Author: Holden Furber
Sinnappah Arasaratnam/Kenneth McPherson
Editor(s): Sanjay Subrahmanyam
Publisher: Oxford University Press
ISBN/UPC (if available): 0195664280
Nationalism in its variety has swayed the balance of world power, and history writing has leaned heavily towards the nation as a central concept. This is the tide against which the historiography of oceans has stood. As an area of research, it has evolved in perspective, from looking at accounts of oceans as linked to imperialism, to analysing the specifics of politics, trade and other activity surrounding oceans. This omnibus of three classic studies provides a basic grounding for scholars of India's maritime history.
Holden Furthers Rival Empires of Trade in the Orient, 1600-1800 is an account of European expansion in Asia in the seventeenth and eighteenth centuries. It tells the story of the rivalries of the East India companies and the growth of British maritime dominance, eventually leading to the Pax Britannica.
Sinnappah Arasaratnam, in his Maritime India in the Seventeenth Century, supplements his own researches into the overseas trade of India and its commercial economy, with a thorough study of the current historiography of these themes. He divides the maritime region into four zones-Gujarat, Malabar, Coromandel, and Bengal and looks at the ports, the seas and the commerce of each region.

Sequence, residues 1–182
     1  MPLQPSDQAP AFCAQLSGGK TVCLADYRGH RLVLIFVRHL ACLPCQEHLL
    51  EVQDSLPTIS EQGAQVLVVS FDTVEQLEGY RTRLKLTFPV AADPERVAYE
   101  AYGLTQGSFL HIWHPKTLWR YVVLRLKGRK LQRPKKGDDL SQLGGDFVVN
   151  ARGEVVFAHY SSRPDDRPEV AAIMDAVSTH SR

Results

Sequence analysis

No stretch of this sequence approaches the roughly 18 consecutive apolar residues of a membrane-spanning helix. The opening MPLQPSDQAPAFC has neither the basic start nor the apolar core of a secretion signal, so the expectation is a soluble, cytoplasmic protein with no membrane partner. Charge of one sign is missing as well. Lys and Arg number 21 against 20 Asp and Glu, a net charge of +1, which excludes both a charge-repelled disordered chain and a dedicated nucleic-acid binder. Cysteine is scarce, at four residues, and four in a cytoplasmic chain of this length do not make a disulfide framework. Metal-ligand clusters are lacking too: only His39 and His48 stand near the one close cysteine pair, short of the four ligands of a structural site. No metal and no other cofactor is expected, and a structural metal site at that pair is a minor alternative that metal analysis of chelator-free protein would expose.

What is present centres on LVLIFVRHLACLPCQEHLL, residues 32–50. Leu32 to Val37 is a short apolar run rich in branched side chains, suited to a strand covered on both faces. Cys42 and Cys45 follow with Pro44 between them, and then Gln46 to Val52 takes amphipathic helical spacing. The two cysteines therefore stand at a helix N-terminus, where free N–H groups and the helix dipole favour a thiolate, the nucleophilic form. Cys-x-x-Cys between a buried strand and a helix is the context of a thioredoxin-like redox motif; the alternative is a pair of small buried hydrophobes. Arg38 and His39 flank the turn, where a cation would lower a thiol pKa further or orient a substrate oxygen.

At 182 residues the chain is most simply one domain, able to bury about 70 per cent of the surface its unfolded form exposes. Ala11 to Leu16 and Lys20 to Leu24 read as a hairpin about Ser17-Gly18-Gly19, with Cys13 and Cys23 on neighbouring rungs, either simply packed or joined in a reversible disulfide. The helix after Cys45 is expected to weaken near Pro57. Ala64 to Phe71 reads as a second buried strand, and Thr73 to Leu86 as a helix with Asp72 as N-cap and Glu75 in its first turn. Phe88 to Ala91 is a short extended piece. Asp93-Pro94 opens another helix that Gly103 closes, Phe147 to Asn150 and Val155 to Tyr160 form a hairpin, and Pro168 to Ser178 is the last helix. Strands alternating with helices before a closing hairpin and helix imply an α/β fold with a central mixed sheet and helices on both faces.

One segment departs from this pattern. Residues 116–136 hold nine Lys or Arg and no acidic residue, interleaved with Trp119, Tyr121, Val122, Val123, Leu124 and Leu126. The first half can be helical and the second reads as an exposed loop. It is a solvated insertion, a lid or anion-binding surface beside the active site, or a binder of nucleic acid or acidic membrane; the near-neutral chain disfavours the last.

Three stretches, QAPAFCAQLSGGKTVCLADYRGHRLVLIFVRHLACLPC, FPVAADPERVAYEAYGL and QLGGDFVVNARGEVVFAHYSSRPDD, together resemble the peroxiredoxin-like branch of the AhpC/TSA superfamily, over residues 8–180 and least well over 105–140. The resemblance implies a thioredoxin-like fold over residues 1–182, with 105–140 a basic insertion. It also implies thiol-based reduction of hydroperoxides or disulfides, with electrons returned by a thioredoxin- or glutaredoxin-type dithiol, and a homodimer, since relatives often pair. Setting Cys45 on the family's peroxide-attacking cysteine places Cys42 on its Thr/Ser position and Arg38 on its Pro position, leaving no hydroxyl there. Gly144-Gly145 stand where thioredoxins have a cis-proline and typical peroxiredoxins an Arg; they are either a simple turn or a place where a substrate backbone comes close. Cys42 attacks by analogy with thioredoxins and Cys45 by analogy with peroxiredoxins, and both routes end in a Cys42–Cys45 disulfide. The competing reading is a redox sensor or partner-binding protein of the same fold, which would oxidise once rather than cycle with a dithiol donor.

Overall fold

Kenneth McPherson's The Indian Ocean: A History of the people and the Sea argues for the existence of a distinctive Indian Ocean World constituted by trade links and commercial networks established over several centuries, and tells us about the peoples, cultures, and economies of the Indian Ocean.
In an introduction written especially for this edition Sanjay Subrahmanyam locates these classics in the extant literature in the area. He argues that these works, the older being a quarter of a century old, are still insightful to new entrants into the field of maritime history. He maintains that while the relevant archives the world over may not be exhausted, it is perhaps the turn of a future generation and new materials to help open the field further, and the classics included in this volume are indispensable to this course.
Historians, specifically in the field of maritime history, as well as researchers seeking a comprehensive view of this field will find this volume useful.
MARITIME INDIA IN THE SEVENTEENTH CENTURY
This is an erudite addition to the expanding literature on the maritime history of India. Though the focus of the study is on the seventeenth century, it has wider implications for debates on wider issues.
-The Northern Mariner
There are many who will benefit from the broad strokes connecting the segments of the Indian Ocean trading network with which they are familiar to those they have not known.
-The American Nepture
Sinnappah Arasaratnam's most notable contribution is his ample consideration of the exchange networks between India's coasts…and Southeast Asia.
-American Historical Review
PART I-THE MAKING OF EMPIRES
Rivals for the Spice Trade: The Dutch and the English
The Craze for Calicoes: The French Enter the Lists
The Triumph of Tea: the Making of British Power
PART II-THE STRUCTURE OF EMPIRE
East India Companies
East India Goods
Country Trade and European Empire
Europeans among Asians
Suggestions for Further Reading